Arthritis is an umbrella term for over 100 conditions but it is most commonly used to describe inflammation of the joint or the tissues which surround the joint. 1 in 7 Australian’s are affected by some form of arthritis so it's definitely something we should all be aware of and educated about. For anyone who is suffering, here are 3 simple ways to treat arthritis in the fingers and hand.
What is arthritis in the fingers and hand?
Symptoms of arthritis include swelling, stiffness, pain and decreased range of movement and may come and go or gradually increase over time. But with many forms of arthritis, you only really start to feel the symptoms of this degenerative condition when it's at its later stages.
Arthritis in the fingers and hand can bring a halt to day-to-day life, making everyday activities that make us independent nearly impossible such as cooking, self grooming, carrying things, turning keys or knobs and the list goes on.
There are several multi-disciplinary methods you can adopt to regain you grip that don’t include high doses of medication or surgery. These include:
3 simple ways to treat arthritis in the fingers and hand
1. The food you eat impacts your joints:
Arthritis in inflammatory condition and some people therefore find relief from symptoms by following an anti-inflammatory diet.
The body creates some antioxidants that help it remove toxic substances which lead to joint inflammation, but dietary antioxidants also help. Some foods which can help reduce inflammation are:
- Healthy fats containing Omega-3 fatty acid such as oily fish, extra virgin olive oil, avocados and soybeans. Evidence shows that a diet that includes omega-3 fatty acids can lead to a modest reduction in symptoms for patients with rheumatoid arthritis*.
- Nuts, seeds and legumes
- Fruits and veg in particular dark leafy greens, broccoli, nightshade veg, berries and citrus fruits
Additionally, there are some foods and certain ingredients that trigger or worsen inflammation. Those following an anti-inflammatory diet should avoid:
- Processed and red meat
- Foods with a high sodium content
- Added sugars and processed food in general
2. How exercise can help
Even though you may be in a lot of pain initially, it is important to exercise your hands to reduce the stiffness and to activate the muscles around the joint to prevent further weakness.
A physio or occupational therapist, can prescribe you an effective exercise routine to do daily so that you get in the habit of stretching and strengthening the affected areas of your hand.
3. Wear a medical brace to support or immobilise the hand
By wearing a brace which has been fitted based on the progression of the arthritis in your hand, you can instantly elevate pain and discomfort. Another added benefit of using the right brace is that you can slow down the progression of the disease.
For mild to moderate cases (in the wrist), using an active support such as ManuTrain which has been specifically built to help reduce inflammation and swelling. It does this with its breathable flat-knit sleeve with medical grade compression which act to increase blood circulation and reduce the buildup of fluid in the joints.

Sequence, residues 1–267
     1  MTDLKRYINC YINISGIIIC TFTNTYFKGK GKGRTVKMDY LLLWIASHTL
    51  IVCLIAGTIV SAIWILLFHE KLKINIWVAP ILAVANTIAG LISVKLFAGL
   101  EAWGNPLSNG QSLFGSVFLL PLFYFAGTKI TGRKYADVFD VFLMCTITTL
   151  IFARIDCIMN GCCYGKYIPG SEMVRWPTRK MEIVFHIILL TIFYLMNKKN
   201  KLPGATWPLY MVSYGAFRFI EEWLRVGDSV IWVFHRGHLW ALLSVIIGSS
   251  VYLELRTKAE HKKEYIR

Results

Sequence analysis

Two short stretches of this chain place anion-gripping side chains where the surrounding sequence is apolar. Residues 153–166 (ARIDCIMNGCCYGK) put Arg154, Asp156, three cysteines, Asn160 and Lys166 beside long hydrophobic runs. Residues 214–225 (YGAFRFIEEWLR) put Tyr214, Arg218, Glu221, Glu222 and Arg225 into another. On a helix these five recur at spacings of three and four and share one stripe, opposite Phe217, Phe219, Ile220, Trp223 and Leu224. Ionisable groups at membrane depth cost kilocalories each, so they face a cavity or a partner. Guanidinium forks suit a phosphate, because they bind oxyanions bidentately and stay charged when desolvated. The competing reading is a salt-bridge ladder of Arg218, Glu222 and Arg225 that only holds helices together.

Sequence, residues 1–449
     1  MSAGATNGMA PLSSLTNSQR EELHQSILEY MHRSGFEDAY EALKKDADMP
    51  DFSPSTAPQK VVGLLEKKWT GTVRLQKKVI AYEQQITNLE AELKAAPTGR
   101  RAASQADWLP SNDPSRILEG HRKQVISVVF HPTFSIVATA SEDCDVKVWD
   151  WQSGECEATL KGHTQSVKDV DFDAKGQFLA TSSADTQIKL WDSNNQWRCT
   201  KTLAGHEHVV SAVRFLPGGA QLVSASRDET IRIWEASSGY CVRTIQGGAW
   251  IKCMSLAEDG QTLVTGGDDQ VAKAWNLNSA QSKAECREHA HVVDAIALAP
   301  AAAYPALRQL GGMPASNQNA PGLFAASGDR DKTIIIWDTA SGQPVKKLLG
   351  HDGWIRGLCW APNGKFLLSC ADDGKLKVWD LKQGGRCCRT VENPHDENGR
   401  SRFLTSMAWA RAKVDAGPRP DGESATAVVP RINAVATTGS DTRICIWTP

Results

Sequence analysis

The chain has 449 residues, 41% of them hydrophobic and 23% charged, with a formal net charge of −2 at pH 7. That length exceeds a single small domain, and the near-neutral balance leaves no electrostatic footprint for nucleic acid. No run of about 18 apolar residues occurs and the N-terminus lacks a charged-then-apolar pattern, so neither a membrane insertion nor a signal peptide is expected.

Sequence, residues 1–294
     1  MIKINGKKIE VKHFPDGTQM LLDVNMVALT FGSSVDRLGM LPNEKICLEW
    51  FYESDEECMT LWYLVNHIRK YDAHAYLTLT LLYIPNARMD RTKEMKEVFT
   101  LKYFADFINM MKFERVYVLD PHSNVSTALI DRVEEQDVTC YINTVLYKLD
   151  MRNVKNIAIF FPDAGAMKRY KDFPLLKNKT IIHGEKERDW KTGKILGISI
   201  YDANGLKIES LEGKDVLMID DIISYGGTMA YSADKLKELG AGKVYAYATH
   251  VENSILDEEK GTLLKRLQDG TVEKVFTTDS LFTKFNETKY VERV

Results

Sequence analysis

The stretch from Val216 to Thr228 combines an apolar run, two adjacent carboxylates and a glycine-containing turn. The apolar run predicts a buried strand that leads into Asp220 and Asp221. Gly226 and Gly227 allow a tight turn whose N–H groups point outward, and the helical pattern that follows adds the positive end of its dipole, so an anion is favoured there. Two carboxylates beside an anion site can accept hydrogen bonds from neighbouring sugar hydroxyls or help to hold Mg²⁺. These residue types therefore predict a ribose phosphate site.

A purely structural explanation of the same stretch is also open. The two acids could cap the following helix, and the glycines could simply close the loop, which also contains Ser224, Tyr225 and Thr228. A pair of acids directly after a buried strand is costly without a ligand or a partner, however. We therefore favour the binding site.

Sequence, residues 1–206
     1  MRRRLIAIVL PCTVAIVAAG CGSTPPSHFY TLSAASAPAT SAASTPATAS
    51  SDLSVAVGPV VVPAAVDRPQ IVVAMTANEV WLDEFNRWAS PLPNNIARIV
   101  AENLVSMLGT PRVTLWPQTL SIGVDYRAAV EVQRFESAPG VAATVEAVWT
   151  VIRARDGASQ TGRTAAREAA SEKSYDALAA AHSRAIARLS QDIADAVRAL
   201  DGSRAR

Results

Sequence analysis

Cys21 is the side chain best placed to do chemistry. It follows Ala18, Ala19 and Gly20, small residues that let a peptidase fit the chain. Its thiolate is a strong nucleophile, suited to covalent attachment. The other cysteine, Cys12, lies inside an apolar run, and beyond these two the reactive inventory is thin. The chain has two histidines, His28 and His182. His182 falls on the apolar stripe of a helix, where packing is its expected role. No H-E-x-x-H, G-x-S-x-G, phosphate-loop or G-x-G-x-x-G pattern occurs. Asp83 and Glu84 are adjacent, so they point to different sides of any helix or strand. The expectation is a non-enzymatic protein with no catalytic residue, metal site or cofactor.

In addition, this brace comes with two anatomically placed gel pads that gently massage the wrist providing even more relief. The braces also comes with an additional rod for added stability and a wrist strap for added compression and stability as and when needed.
The ManuTrain is the perfect brace to wear in conjunction with your physio or OT sessions as it will enable you to go the extra mile in your rehabilitation sessions. Overall you will be able to get the most out of rehabilitation and your daily exercise routines minus the pain.
For more advanced cases or post-op, the ManuLoc wrist brace, allows for you to immobilize the wrist joint to ease pain whilst stabilising the hand.
The flexible splint in this brace can shape perfectly to your anatomy for maximum comfort. This brace is suited to someone who needs a higher level of support but still need full use of their hands.
For arthritis in your thumb as well as the wrist, the ManuLoc Rhizo allows for you to immobilize the thumb and wrist joint whilst allowing you to use your fingers as normal. The Rhizoloc is available if you need to only immobilize the thumb.
If you require assistance selecting the right product for your needs, book a video consultation with a Bauerfeind expert: Book Video Call, or call us on 1300 668 466
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Bauerfeind products are developed at our innovation and manufacturing facility in Zeulenroda, Germany. Based on years of scientific research, our award-winning braces and support garments are highly recommended by medical professionals and athletes worldwide.
*1.Stamp LK, James MJ, Cleland LG. Diet and rheumatoid arthritis: a review of the literature. Semin Arthritis Rheum. 2005 Oct;35(2):77-94. Review. PubMed PMID: 16194694.